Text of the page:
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Zhi-yuan Pang, Yun-tao Wei, Mu-yan Shang, Shuang Li, Yang Li, Quan-xiu Jin, Zhi-xuan Liao, Ming-ke Cui, Xiao-yan Liu, and Qiang Zhang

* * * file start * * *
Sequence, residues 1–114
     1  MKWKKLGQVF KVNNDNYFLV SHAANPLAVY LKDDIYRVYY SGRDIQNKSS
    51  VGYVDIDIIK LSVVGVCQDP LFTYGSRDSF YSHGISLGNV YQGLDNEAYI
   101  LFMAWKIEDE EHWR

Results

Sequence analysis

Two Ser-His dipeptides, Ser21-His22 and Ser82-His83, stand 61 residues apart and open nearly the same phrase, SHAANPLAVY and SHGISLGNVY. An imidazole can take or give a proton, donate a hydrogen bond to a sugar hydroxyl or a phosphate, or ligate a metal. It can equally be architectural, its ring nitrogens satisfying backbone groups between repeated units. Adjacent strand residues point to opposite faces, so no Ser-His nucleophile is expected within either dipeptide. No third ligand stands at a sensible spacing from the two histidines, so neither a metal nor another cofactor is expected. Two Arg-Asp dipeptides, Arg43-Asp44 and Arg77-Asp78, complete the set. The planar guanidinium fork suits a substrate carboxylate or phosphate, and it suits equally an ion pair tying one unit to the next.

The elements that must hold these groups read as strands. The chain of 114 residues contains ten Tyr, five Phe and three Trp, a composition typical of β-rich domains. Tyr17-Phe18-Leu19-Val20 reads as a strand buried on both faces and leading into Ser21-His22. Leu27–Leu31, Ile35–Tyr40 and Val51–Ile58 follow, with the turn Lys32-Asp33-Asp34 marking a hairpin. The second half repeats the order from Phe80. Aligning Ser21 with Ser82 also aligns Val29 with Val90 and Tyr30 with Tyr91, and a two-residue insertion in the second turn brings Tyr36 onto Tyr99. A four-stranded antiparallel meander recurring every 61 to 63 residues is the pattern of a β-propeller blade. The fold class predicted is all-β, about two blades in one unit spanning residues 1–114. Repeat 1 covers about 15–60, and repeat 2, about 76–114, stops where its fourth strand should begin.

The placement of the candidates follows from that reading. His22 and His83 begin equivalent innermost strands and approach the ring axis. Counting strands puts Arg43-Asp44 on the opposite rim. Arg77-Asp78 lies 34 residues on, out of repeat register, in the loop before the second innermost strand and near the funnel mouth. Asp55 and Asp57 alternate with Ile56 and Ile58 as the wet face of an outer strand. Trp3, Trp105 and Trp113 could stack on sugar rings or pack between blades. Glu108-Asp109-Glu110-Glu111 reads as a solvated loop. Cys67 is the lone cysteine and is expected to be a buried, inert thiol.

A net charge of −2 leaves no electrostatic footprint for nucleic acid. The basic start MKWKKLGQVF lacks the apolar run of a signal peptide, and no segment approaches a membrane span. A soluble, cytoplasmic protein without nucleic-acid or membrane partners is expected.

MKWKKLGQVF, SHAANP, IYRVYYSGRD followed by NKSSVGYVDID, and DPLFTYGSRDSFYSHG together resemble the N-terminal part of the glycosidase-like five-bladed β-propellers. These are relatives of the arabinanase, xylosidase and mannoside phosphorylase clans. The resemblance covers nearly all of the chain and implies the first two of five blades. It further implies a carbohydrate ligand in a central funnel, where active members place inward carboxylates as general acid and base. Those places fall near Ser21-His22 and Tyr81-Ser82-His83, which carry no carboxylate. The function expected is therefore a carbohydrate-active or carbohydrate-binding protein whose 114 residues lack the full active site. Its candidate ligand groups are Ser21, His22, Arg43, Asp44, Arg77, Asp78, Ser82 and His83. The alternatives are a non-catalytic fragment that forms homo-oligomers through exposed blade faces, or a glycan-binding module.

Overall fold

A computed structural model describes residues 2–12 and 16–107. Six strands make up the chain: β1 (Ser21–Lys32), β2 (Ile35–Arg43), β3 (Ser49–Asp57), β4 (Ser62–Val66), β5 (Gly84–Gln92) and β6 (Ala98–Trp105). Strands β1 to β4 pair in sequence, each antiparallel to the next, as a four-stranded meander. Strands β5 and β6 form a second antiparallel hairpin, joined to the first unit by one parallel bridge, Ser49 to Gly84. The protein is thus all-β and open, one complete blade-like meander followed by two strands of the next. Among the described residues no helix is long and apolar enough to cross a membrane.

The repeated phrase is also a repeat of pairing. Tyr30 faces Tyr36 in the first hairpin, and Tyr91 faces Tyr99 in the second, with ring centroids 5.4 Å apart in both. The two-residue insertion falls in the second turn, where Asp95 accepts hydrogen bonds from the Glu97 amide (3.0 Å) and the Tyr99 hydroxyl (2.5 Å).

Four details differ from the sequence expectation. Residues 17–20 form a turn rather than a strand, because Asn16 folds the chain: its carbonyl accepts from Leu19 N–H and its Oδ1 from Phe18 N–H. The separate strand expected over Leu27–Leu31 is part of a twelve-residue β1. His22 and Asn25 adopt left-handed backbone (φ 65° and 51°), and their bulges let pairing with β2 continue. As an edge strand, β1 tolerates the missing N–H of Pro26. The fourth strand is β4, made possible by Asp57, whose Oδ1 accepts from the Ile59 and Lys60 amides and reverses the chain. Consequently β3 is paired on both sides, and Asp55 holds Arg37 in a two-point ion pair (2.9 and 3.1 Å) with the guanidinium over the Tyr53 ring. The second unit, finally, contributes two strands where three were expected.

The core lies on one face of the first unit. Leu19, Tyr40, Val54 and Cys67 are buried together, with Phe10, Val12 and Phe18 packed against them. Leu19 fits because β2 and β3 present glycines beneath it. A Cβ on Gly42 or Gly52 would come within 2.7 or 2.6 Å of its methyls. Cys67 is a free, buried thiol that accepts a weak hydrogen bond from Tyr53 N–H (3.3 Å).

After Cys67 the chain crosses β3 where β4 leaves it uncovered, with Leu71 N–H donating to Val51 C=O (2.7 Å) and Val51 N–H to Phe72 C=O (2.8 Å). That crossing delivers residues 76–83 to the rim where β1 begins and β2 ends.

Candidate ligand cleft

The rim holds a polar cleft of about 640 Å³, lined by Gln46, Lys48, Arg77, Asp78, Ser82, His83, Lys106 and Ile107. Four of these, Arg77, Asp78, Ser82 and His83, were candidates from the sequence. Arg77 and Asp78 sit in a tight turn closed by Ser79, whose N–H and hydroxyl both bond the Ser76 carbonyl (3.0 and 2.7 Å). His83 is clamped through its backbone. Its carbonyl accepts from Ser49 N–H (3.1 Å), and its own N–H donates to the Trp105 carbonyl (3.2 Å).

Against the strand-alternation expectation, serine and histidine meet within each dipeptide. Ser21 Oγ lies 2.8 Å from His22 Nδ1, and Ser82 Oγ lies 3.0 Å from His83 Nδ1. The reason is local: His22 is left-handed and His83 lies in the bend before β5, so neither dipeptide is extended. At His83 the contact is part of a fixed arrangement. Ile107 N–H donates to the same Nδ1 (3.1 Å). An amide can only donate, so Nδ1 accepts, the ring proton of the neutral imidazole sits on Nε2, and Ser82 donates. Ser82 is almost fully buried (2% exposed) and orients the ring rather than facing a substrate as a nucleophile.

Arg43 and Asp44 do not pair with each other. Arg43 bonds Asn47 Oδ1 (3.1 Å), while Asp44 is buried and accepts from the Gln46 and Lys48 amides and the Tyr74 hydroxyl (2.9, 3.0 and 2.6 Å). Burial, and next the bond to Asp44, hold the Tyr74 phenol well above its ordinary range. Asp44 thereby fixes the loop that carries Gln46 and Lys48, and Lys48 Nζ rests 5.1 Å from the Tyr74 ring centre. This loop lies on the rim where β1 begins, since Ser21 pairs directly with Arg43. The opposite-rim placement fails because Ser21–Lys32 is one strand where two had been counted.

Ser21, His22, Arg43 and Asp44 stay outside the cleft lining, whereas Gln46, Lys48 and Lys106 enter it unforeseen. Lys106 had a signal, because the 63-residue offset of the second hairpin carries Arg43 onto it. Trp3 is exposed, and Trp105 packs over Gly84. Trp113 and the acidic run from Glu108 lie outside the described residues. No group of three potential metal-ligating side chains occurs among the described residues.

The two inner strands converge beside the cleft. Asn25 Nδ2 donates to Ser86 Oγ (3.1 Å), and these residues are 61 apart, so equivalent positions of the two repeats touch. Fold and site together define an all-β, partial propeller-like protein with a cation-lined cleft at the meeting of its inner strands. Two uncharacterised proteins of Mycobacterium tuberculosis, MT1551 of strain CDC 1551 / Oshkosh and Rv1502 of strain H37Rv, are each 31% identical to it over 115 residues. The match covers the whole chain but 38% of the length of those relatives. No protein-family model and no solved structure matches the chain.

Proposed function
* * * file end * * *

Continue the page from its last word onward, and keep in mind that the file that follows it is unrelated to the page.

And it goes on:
Aberrant leptin signaling and overexpression of fibroblast growth factor receptor 1 (FGFR1) are both implicated in the pathogenesis of letrozole resistance in breast cancer (BCa), but it remains unknown whether these two pathways are involved in letrozole resistance in a coordinated manner. Here, we demonstrate that expression levels of the pre-B-cell leukemia homeobox transcription factor 3 (PBX3), a pioneer factor that governs divergent biological processes, were significantly upregulated in letrozole-resistant BCa cells and tissues, and this upregulation correlated to a poorer progression-free survival in patients. By leveraging a patient-derived xenograft model with pharmacological approaches, we demonstrated that leptin activated PBX3 expression in a STAT3 (signal transducer and activator of transcription 3)–dependent manner. Our loss- and gain-of-function study further showed that PBX3 attenuated response to letrozole by potentiating BCa cell survival and anchorage–independent growth in BCa cells. By profiling BCa cells with ectopic PBX3 expression, we revealed that PBX3 conferred letrozole resistance via transactivation of the FGFR1 signaling, and this molecular event must coordinate a synergistic transcription activation programs through interacting with MTA1-HDAC2 (metastasis associated 1-histone deacetylase 2) complex. Overall, the available data reveal a novel role of leptin/PBX3 cascade linking energy homeostasis (i.e. hyperleptinemia) and endocrine therapy failure (i.e. letrozole resistance) in BCa.